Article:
You have noticed that your four-legged friends’ eyes appear bluish-grey or hazy and you didn’t notice it before.  What are the causes, and should you be worried?Cloudy eyes are a symptom of a variety of eye conditions.  Knowing the difference between these will alleviate your concerns, and help you decide whether to seek veterinary advice.

The most common causes of cloudy eyes are nuclear sclerosis and cataracts.

Nuclear sclerosis (Lenticular sclerosis) is when the lens nucleus becomes denser and harder and will be visible as a greyish blue haze.  It rarely causes vision impairment but focusing ability may be affected. This condition is usually gradual, and age related from 6 years.  Advanced nuclear sclerosis may appear like a cataract and is frequently confused by owners.

Cataracts is the loss of transparency of the lens nucleus as a result of abnormal lens metabolism and will appear white or opaque.  Cataracts usually come on suddenly, but it can be an inherited trait and will then develop gradually, so don’t assume slow change equals sclerosis.  Cataracts can cause vision impairment, glaucoma, pain and blindness if not treated.   Common causes for cataracts include: Inherited conditions, Diabetes, Ocular disease, Physical trauma, Nutritional deficiency, Aging (over 8 years).

Less common causes of cloudy eyes, but of greater concern are glaucoma, nuclear dystrophy, pannus, corneal ulcers, dry eye and anterior uveitis.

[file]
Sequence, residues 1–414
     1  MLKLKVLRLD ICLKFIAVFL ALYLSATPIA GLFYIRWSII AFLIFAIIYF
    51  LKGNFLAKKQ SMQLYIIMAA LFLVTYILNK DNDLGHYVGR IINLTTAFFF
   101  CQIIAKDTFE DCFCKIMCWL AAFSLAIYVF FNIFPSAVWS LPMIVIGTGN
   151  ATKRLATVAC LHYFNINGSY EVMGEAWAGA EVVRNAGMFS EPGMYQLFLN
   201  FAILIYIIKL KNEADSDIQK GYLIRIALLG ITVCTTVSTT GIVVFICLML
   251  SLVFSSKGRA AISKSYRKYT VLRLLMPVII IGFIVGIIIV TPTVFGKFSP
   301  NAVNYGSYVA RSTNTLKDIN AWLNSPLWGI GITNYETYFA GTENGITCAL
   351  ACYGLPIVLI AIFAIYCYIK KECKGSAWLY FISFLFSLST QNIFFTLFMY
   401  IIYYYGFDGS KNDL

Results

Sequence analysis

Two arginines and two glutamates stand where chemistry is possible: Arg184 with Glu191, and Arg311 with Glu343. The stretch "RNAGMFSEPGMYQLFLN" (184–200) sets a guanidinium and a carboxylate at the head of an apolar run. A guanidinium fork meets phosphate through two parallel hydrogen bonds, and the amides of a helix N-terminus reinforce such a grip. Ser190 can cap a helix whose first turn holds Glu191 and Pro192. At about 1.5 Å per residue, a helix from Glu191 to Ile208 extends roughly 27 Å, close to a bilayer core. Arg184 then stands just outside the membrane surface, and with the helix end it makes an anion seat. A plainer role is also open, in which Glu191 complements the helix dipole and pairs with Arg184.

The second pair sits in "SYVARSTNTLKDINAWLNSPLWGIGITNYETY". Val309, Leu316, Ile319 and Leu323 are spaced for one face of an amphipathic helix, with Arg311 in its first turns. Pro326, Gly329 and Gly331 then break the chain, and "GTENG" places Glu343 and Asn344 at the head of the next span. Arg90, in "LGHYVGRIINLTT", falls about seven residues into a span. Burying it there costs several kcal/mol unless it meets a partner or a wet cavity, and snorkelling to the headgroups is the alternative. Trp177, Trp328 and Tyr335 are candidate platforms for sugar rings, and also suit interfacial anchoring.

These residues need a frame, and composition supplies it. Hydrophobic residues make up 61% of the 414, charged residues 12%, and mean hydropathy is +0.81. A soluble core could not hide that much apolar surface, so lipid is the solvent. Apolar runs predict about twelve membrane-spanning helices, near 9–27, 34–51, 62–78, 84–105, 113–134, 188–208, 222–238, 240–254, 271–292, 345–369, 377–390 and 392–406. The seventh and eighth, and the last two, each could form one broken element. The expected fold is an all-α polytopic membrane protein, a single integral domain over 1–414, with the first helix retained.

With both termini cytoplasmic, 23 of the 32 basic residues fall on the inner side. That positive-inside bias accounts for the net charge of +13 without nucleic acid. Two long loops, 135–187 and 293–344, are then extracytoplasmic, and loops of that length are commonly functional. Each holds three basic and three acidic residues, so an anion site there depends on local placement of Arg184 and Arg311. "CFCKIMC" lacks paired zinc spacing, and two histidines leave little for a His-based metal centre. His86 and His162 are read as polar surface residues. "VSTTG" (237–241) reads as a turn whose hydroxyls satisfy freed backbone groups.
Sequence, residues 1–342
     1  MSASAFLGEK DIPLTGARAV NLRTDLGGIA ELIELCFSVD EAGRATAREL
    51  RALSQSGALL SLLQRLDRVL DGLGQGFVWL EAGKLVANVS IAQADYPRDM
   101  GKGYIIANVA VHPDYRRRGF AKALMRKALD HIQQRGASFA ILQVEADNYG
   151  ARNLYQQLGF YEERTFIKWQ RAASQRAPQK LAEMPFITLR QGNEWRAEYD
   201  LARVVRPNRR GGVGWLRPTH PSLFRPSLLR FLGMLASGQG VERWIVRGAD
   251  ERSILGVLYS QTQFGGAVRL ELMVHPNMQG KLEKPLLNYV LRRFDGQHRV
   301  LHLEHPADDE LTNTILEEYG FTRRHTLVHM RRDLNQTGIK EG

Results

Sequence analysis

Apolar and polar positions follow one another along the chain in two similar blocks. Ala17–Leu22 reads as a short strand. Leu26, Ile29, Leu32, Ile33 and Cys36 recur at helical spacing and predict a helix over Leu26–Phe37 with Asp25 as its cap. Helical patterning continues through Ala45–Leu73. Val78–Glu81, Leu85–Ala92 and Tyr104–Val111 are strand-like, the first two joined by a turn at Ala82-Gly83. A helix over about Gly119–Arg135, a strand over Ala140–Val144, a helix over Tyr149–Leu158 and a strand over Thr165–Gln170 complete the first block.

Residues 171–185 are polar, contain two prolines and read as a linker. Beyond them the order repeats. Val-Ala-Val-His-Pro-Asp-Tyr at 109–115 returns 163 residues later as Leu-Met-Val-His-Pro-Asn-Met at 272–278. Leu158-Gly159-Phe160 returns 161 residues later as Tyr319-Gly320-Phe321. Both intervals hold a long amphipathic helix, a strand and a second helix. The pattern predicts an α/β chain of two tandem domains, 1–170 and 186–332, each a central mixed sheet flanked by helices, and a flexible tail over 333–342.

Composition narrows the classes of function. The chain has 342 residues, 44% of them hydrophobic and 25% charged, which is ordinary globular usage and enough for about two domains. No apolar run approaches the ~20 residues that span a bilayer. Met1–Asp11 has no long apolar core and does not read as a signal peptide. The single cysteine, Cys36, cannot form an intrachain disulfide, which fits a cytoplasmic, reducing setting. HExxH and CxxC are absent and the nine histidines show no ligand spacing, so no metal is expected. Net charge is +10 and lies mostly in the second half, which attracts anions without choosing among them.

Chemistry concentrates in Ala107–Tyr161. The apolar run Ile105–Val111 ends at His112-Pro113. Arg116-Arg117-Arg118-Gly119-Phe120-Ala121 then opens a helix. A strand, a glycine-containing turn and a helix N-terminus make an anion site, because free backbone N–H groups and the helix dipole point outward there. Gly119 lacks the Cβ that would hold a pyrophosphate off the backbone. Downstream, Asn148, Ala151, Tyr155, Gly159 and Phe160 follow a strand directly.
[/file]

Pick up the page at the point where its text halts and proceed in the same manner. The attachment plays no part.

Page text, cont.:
Diagnosing and Treating Cloudy Eyes in Dogs

Treatment for your dog’s cloudy eyes depends on the cause, the age of your dog, the progress of the problem, and your dog’s discomfort.

Watch your dog closely for other symptoms of eye problems, such as increased discharge, squinting, or a change in your dog’s eyes shape, size, colour, or vision, and contact your veterinarian as soon as possible if you notice redness, squinting, or thick discharge from your dog’s eye, in addition to cloudiness.


What is a cataract?

A cataract is an opacity of the lens. This opacification results in less light reaching the nerve layer of the eye known as the retina. This, in turn, can lead to reduced vision and ultimately blindness. A cataract may start as a small opacity that gradually enlarges. It is very difficult to predict the rate of progression, but most cataracts will mature and lead to blindness.

Causes of cataracts

Many conditions have been known to cause cataracts. These include:

  • Hereditary (genetic) predisposition
  • Severe inflammation in the eye
  • Blunt trauma to the eye or a perforating foreign body that can strike the lens
  • Radiation (for example following radiation therapy to tumours near the eye)
  • Electrocution following a pet biting an electrical cable
  • Secondary to ageing
  • Diabetes mellitus
  • Retinal disease (for example progressive retinal atrophy)

Is my pet a good candidate for cataract surgery?